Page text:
Down the Rabbit Hole - from Massachusetts to Jamaica / by Suzanne Long

The Old House at Peace field, home of Abigail and John Adams, Second President of the United States of America, in Quincy, Massachusetts.

The Old House at Peace field, home of Abigail and John Adams, Second President of the United States of America, in Quincy, Massachusetts.

Yesterday I had the pleasure of visiting the Adams National Historic Park (, of the birthplaces and homes of John Adams, the Second US president, and his son and family, which of course includes John Quincy Adams, the 6th US president. One of the properties I was able to tour is the Old House at Peace field, located in Quincy, MA near Braintree, which John and Abigail Adams purchased in  1787, and made their residence after returning from England in 1788, where John Adams was serving as the first United States ambassador to England after the Revolutionary War.

The property is very interesting, of course. Photos aren't allowed inside the historic homes, but you are allowed to take photos outside, and so I did, being charmed by the ivy trailing down and shading the old porch. This is the photo I shared to Instagram and Facebook yesterday:  

Then, a rum friend, seeing a similarity in pattern, posted this photo of the beautiful Rhum JM bottle with a decorative wrap: 


... but that got me thinking. I heard the guide say that John and Abigail Adams had purchased the property at Peace field after a British Loyalist sugar cane plantation owner either fled or had his lands confiscated following the Revolutionary War, and that the plantation owner had been from Jamaica. Sugar cane in the 18th century pretty frequently means rum production too, so I did a little digging. What I discovered was that the former owner of the estate that became Peace field (John Adams named the estate) was Major Leonard Vassall, born in Jamaica but living in Massachusetts.  He purchased the parcels of land in 1730 to build a home, and passed away in 1737. The home stayed in the Vassall family until Adams acquired it. From Major Leonard Vassall's will, published on the World Connect Roots Web Ancestry project, I was able to learn that he had multiple sugar cane plantation holdings in Jamaica. One was a "plantation and sugar cane works" in Luana, Parish of St. Elizabeth's, and another at New Savannah, also in St. Elizabeth's, both near Appleton's location. There are records of rum being produced at New Savannah by 1777. The Vassalls also had a sugar cane plantation in the 1700s at "Green Island River near Orange Bay in Parish of Hannover at west end of Jamaica," according to Leonard Vassall's will, dated June 10, 1737.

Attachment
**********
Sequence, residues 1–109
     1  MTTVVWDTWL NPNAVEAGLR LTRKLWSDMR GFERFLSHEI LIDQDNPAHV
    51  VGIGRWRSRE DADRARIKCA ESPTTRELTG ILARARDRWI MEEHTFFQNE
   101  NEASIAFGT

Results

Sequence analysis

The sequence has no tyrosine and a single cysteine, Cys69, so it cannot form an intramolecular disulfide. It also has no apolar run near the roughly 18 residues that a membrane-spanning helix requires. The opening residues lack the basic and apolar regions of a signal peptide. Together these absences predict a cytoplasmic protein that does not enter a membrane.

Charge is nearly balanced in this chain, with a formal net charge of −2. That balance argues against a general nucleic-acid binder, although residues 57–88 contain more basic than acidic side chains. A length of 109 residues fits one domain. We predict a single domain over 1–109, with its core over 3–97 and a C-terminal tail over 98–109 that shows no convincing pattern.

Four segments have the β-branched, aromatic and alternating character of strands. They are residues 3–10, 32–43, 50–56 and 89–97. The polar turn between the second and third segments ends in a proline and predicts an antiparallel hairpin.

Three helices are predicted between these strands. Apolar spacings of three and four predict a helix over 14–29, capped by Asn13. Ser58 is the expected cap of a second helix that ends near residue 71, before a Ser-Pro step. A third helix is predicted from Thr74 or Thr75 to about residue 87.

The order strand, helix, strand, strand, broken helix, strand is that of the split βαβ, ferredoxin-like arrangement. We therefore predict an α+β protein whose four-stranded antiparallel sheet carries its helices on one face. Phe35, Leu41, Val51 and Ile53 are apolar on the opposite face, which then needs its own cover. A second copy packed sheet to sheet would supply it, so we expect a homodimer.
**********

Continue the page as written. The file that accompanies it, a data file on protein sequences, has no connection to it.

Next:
It's interesting to note that lots of sugar cane is still grown in the Parish of St. Elizabeth today, and that Appleton Estate (founded in 1749) is about 35 km (or 20 miles) from where the sugar cane works in Luana was likely located. I haven't visited this location personally, so I have no idea if there are any traces of it left. 20 miles was a little bit of a journey by 18th Century standards, but it would still be possible to travel back and forth inside of one day on horseback if one needed to, so we can reasonably assume these two plantations at least knew about each other. 

The book Jamaica Surveyed by B. W. Higman, while somewhat difficult to track down, lays out in exquisite detail maps and plans of 18th century plantations in Jamaica. It is available for a terrifying sum to purchase on Amazon ($850.00), for slightly less from The University of the West Indies Press ($75.00) or you might be able to get your local library to inter-library loan it to you.

The University College London has an online record of these sorts of land and property transactions, because, deplorably at that time, slavery was still a large part of sugar production. You can see the ongoing record of rum being produced at the Vassall's New Savannah estate at this link :

Details on Major Leonard Vassall's will: